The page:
- ↑ Frequently Asked Questions: How big is it? by the U.S. National Park Service
- ↑ Frequently Asked Questions: When and why did Grand Canyon become a National Park? by the U.S. National Park Service
- ↑ Grand Canyon: Monument to the world-wide Flood Creation 18(2):28 March 1996
- ↑ Austin, Grand Canyon: Monument to Catastrophe, pp. 80-81.
- ↑ Grand Canyon; Grand and Young by Stephen Cox. University of Arizona. Winter 2003, (Link dead Nov 2008)
- ↑ Grand Canyon is a geologic infant NewsWise July 19, 2002, link verified 28 Nov 2008
- ↑ The Making of a Grand Canyon by Sid Perkins. Science News, September 30, 2000; Vol. 158, No. 14, (Link dead Nov 2008)
- ↑ Initiation and Frequency of Debris Flows in Grand Canyon, Arizona U.S. GEOLOGICAL SURVEY Open-File Report 96—491
- ↑ Grand Canyon Rock Layers, at Grand Canyon Explorer, by Bob Ribokas
- ↑ The Biological Isolation of Shiva Temple, by John R. Meyer and George F. Howe, Creation Research Society Quarterly Journal, Volume 24, Number 4, March, 1988
- ↑ Radiohalos in Coalified Wood: New Evidence Relating to the Time of Uranium Introduction and Coalification, by Robert V. Gentry, Warner H. Christie, David H. Smith, J. F. Emery S. A. Reynolds, Raymond Walker, S. S. Cristy and P. A. Gentry, SCIENCE, 15 October 1976, Volume 194, pp. 315-318, reprint hosted by Earth Science Associates
- ↑ Succession of desert plants on debris ﬂow terraces, Grand Canyon, Arizona, U.S.A., by Janice E. Bowers, Robert H. Webb & Elizabeth A. Pierson, U.S. Geological Survey, Journal of Arid Environments (1997) 36: 67–86
- ↑ Scripture yanked from Grand Canyon; Interior sides with ACLU, calls 30-year-old plaques unconstitutional, July 14, 2003, WorldNetDaily
- ↑ AP: Plaques with Biblical Psalms Removed from Grand Canyon (Arizona), Sierra Times, July 14, 2003 (dead link), Plaques with Biblical Psalms Removed from Grand Canyon (Arizona), AP article, July 14, 2003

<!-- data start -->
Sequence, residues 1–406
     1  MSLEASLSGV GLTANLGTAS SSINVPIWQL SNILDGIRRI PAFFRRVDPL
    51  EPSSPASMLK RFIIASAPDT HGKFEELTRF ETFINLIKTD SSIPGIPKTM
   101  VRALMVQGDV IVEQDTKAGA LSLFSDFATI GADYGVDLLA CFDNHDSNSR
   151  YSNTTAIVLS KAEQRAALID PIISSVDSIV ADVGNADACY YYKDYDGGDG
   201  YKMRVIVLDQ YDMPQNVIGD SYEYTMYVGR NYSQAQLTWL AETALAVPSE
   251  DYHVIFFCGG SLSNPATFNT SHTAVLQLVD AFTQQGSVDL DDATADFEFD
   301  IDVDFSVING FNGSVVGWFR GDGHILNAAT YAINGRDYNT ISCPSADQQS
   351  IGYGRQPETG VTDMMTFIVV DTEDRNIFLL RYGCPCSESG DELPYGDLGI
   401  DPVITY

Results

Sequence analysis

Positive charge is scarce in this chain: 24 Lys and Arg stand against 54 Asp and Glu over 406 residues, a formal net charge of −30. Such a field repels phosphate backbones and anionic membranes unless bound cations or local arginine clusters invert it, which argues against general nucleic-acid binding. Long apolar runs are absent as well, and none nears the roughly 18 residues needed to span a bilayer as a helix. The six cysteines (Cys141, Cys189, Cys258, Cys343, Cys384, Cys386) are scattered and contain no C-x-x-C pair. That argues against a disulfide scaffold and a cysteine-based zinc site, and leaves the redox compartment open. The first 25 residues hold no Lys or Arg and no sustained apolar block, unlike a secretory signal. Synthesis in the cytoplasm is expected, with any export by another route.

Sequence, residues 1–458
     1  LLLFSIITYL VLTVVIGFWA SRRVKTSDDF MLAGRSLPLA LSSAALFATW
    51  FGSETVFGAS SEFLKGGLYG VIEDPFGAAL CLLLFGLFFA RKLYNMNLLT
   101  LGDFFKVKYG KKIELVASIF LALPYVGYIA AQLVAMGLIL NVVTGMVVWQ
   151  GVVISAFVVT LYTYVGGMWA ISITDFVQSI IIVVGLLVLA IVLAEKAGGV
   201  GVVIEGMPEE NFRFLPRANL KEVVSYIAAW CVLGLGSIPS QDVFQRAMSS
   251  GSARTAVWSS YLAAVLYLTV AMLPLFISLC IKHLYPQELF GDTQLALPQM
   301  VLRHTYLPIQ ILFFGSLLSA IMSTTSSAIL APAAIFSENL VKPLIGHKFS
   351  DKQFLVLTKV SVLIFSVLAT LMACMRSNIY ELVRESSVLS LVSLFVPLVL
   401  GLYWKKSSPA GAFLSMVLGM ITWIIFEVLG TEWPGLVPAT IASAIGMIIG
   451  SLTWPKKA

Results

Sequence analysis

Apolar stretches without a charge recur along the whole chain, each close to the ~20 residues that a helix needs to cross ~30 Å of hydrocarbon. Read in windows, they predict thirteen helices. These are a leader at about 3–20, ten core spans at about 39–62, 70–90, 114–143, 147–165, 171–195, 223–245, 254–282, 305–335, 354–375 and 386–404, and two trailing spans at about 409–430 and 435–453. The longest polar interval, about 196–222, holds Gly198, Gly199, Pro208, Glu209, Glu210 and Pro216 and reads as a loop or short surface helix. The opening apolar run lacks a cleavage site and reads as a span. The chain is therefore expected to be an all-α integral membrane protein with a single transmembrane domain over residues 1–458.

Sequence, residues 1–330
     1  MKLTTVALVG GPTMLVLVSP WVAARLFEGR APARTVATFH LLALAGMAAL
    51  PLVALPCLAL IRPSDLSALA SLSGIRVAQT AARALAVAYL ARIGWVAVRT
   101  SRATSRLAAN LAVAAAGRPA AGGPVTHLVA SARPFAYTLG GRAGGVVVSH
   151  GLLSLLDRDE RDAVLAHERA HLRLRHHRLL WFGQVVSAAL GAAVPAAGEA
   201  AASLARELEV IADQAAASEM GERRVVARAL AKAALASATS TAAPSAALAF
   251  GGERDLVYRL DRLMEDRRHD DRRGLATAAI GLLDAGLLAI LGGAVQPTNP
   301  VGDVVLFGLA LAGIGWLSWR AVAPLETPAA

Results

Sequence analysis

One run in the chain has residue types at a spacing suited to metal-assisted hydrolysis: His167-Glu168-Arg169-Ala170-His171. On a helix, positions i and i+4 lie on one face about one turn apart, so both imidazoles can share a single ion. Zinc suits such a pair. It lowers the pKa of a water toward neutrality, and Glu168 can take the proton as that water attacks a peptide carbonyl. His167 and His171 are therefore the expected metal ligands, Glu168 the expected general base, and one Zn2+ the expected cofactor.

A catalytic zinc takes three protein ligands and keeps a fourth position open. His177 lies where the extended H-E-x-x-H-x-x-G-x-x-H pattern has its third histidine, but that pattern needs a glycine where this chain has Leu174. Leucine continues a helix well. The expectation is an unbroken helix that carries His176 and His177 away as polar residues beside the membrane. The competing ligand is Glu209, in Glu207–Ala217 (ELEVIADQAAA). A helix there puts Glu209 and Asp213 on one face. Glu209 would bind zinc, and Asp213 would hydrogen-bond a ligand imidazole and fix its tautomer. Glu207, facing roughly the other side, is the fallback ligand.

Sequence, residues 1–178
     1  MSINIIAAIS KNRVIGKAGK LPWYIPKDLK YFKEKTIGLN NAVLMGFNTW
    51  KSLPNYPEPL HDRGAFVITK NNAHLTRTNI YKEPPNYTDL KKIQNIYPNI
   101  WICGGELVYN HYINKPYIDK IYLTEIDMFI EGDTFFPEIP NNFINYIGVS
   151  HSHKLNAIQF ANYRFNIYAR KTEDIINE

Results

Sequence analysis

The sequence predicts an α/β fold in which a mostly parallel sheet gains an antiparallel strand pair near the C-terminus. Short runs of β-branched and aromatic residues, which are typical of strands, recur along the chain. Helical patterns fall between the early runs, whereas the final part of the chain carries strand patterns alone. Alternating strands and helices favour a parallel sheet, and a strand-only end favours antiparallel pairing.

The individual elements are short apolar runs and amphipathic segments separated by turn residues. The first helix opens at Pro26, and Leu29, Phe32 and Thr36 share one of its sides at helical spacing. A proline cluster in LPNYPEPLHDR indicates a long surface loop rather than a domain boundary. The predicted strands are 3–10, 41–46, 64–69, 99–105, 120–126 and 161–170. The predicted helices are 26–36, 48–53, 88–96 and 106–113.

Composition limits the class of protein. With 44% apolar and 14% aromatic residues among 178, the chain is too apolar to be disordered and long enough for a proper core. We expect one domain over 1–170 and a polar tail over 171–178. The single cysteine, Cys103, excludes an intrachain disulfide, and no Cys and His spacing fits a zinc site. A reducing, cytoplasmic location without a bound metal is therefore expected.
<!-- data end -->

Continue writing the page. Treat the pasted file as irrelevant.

- ↑ 15.0 15.1 Grand Canyon a praiseworthy natural setting in God debate, The Washington Times, August 31, 2003
- ↑ How Grand Canyon Shows God's Existence, By David Brody, CBN News
- ↑ Letter from seven scientists, December 16, 2003, hosted by Public Employees for Environmental Responsibility (PEER)
- ↑ Shenanigans recently uncovered in Grand Canyon book controversy, by Mark Looy, AiG–USA, December 14, 2004
- ↑ Feds OK'd biblical Grand Canyon book? Special-interest group claims resource approved, Park Service denies it, By Ron Strom, WorldNetDaily, October 19, 2004
- ↑ E-mails on creation flap 'swamp' Park Service; Thousands flow into agency amid controversy about Grand Canyon book, By Ron Strom, WorldNetDaily, January 14, 2004
- ↑ National Park Service Now Distancing Itself from Creationist Book It Approved; Evolving Grand Canyon Position Leaves Unanswered Questions, PEER news release, hosted by YubaNet.com, Jan 16, 2007
- ↑ How Old is the Grand Canyon? Park Service Won't Say, PEER news release, hosted by YubaNet.com, Dec 28, 2006
- ↑ Creationism in Our National Parks, by Donald Prothero, eSkeptic, January 10th, 2007
- ↑ 24.0 24.1 Fact Checking 101: How Skeptic magazine was Duped by an Environmental Activist Group, by Michael Shermer, eSkeptic, January 17th, 2007
- Comments on the breached dam theory for the formation of the Grand Canyon by Michael Oard. CRSQ 30(1):39-46. June 1993.
- Excessively Old "Ages" For Grand Canyon Lava Flows by Steven A. Austin. Institute for Creation Research, Impact #224. February, 1992.
- The Grand Canyon and the Age of the Earth by Dr. Ray Bohlin
- The Grand Canyon: Evidence for the Flood by Paul Garner (Online Video)
- Grand Canyon Lava Flows: A Survey of Isotope Dating Methods by Steven Austin. ICR IMPACT No. 178 April 1988
- Grand Canyon: Monument to the world-wide Flood Creation 18(2):28 March 1996
- Kanab Canyon, Utah and Arizona: Origin Speculations by Emmett Williams, Robert Goette and John Meyer. CRSQ 34(3):162-172. December 1997.
- Radioisotope Dating of Grand Canyon Rocks: Another Devastating Failure for Long-Age Geology by Andrew Snelling.
- Remove God from the Grand Canyon? by Michael Matthews, AiG–US. 28 July 2003
- Were Grand Canyon Limestones Deposited by Calm and Placid Seas? by Steven A. Austin. Institute for Creation Research. December, 1990.
- Who Knows the Age of Grand Canyon? by Creation-Evolution Headlines
- Grand Canyon National Park website
- Photo Gallery by the U.S. National Park Service (public domain photos).